There’s an interesting trend happening in the Evangelical Church. In the efforts of making the Church “the best it can be,” evangelicals are only comfortable confronting certain minor sins within the Church body and struggle to admit Christians could ever do something truly awful.
We are allowed to conceive of Christians doing some questionable things: watching things we shouldn’t, drinking things we shouldn’t, or voting for things we shouldn’t.
But we can’t conceive of people in the Church committing “really big sins.” We struggle, for example, to consider whether our church might be complicit in the kinds of heinous sexual abuse discovered in some denominations.
This “problem of inconceivable sin” glitches our self-perception: if those things do happen, they don’t happen here — or if they happen here, they can’t happen very often. If they did, the shame would be indescribable. That fear of shame blinds us so that we are unable to confront whether truly horrific things are happening in secret in our own church.
And to be clear, I agree that the Evangelical Church is a force for good. But that does not mean sexual abuse is rare. Cultural issues are drawn into the Church like water through a sponge. Consider the culture of recent decades.
We had a president who used his position and privilege to have inappropriate relationships with much younger women. At the time, this was largely treated as “business as usual.” Another political figure was able to use his position and power for decades to traffic underage girls to politicians and power brokers. The Weinstein Company, Amazon, Google, Activision, and Riot games (just to name a few) have litigated or settled legal actions for workplace sexual harassment and discrimination.
The surrounding culture is rife with sexual sin, and sexual sin is contagious.
The data bears out this pathology. According to a study by Church Law and Tax, one in every six employees or volunteers reported being sexually harassed in the Church or ministry context. 70% of respondents said they were harassed by more than one person, and of those who reported their harassment, 66% reported that no action was taken (regardless of whether they were believed). A 2014 study found that one in nine girls and one in 53 boys would experience sexual abuse or assault as a child, with other studies even suggesting those numbers are conservative. Around 90% of offenders are known to their victims, and around 33% of offenders are family members.
Considering the prevalence of abuse in society, the prognosis is grim. Sexual abuse (both of children and adults) is common. And when Christians fail to confront sin, it damages the Church.
In Church Law and Tax’s 2020 survey, 35% of respondents indicated that sexual harassment affected their faith. Their numbers line up well with Pew Research polls, which continue to show an exodus of millennials (and younger generations) from the Church.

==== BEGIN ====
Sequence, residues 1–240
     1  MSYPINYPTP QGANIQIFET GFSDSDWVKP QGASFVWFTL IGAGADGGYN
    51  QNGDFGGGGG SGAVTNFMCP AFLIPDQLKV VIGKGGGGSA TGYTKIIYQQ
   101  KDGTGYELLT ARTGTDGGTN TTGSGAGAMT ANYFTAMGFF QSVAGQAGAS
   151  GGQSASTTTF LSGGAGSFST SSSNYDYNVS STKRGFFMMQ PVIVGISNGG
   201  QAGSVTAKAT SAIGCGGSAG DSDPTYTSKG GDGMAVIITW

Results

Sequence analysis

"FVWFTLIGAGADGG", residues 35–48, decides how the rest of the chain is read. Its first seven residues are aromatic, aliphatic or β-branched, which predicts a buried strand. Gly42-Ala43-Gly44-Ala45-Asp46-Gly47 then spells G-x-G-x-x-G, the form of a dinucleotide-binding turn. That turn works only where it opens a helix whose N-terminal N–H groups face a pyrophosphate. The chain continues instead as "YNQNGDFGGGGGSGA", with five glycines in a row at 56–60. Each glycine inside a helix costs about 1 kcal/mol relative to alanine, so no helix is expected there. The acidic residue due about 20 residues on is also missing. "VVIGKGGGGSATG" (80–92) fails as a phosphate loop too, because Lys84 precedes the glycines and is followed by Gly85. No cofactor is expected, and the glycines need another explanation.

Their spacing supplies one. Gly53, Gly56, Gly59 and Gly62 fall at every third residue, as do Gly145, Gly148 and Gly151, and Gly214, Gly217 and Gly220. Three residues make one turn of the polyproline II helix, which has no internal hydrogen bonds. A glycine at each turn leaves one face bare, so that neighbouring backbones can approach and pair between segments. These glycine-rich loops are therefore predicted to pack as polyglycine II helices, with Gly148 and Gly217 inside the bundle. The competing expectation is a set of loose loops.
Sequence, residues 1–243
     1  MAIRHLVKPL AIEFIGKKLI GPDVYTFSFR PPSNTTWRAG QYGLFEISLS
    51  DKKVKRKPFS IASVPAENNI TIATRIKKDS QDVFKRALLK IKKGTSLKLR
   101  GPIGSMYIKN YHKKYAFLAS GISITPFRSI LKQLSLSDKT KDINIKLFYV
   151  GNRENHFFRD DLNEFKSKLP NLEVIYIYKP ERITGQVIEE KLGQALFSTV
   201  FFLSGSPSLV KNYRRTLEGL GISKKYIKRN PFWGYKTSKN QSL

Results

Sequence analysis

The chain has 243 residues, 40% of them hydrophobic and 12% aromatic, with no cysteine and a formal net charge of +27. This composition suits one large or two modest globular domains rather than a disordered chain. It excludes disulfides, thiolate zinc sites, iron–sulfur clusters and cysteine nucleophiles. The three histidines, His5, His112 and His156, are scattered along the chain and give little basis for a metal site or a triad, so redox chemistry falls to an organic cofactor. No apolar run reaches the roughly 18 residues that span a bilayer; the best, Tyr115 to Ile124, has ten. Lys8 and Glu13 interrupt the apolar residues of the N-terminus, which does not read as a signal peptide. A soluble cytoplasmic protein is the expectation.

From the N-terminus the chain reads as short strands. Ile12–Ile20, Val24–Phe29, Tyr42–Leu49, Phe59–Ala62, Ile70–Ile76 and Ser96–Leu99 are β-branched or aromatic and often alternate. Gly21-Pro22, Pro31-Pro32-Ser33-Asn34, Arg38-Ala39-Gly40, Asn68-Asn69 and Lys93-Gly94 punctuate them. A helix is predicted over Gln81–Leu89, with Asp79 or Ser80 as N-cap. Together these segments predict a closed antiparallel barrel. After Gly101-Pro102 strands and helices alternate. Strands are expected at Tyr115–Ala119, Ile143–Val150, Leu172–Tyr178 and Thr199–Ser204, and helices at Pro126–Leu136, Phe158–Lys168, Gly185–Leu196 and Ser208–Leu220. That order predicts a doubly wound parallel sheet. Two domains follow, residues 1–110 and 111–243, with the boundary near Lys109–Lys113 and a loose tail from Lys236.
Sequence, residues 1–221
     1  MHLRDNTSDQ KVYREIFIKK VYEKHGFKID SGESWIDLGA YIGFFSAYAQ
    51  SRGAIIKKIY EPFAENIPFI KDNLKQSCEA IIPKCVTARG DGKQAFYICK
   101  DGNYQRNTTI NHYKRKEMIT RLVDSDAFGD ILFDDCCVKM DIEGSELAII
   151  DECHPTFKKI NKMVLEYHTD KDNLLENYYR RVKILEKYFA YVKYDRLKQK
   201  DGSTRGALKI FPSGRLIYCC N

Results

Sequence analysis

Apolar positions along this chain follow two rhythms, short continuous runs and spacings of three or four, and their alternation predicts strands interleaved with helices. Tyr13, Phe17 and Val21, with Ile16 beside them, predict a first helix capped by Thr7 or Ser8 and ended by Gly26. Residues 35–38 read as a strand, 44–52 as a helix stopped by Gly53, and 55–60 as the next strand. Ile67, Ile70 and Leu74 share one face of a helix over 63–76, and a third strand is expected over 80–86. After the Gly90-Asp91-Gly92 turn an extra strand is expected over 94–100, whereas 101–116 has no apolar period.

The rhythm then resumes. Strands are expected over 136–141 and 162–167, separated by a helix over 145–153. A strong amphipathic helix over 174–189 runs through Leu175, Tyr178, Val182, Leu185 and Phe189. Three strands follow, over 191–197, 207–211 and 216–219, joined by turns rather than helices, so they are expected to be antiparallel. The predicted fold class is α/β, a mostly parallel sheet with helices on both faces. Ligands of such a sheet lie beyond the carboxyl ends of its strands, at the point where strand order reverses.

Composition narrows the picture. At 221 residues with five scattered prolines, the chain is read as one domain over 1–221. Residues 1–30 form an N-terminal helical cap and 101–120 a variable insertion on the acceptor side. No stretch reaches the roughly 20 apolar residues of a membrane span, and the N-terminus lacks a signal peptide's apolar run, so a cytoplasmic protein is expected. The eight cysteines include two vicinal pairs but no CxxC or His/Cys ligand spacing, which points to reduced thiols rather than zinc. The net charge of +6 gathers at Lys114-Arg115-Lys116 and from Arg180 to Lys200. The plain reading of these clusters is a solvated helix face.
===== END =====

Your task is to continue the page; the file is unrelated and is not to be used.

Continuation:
Behind many of those who have lost their faith is a story of betrayal and abuse by someone in a position of power. It could be a family member, or even a pastor. And for those who have not been victims of abuse or harassment, many know someone or know of someone who has been a victim.
Three factors must be present for abuse to happen:
- A would-be offender;
- A potential victim; and
- A lack of a capable guardian.
Churches, by disposition, are full of potential targets. By vocation, we serve the hungry, the thirsty, the strangers, and the widowed. Whatever we do unto the least of these, we do unto Jesus (Matthew 25:40).
In our efforts to aid those less fortunate and gathering so many potential victims, churches become an easy environment for would-be offenders to connect with potential victims.
That alone (potential victim and would-be offender) does not add up to abuse, provided a capable guardian confronts them and corrects the situation. However, this is what leads to shame and denial. You cannot watch for something that you do not believe exists, and you cannot confront something if you don’t know how. By denying the prevalence of sexual abuse and harassment in the Church, we sabotage our ability to prepare for, identify, and confront would-be offenders.
Even if it were true that abuse is not a problem, victims cannot be litigated back to Christ by telling them their experience is “just one incident, not a pattern.” Doing that is more like to crystalize their newfound faith that “the Church causes harm.”
Two things can be true. The Church can be a force for good, and the Church can have negligently harmed someone. Shame happens when we hear allegations not as a call for help but as an attack on our identity. Shame fuels denial, which in turn drives a wedge between us and those who have fled the faith. Worse, it creates opportunities for abusers to pass unnoticed among congregants.
Fortunately, it’s not entirely doom and gloom. As of 2020, 40% of churches had implemented written policies prohibiting sexual harassment. Conservative Americans seem to be taking a united front, calling out and confronting child abuse in the public school system and in homes. Organizations like the Evangelical Council for Abuse Prevention (ECAP) have instituted robust accrediting systems that help ensure churches and ministries are following best practices that keep children safe. Through the magic of the internet, Christian Anti-Harassment or Child Protection Training is more available (and cheaper) than it has ever been.
Churches not only have tools to confront sexual abuse and harassment — they have the Holy Spirit’s power to rise up and meet this challenge of our times.
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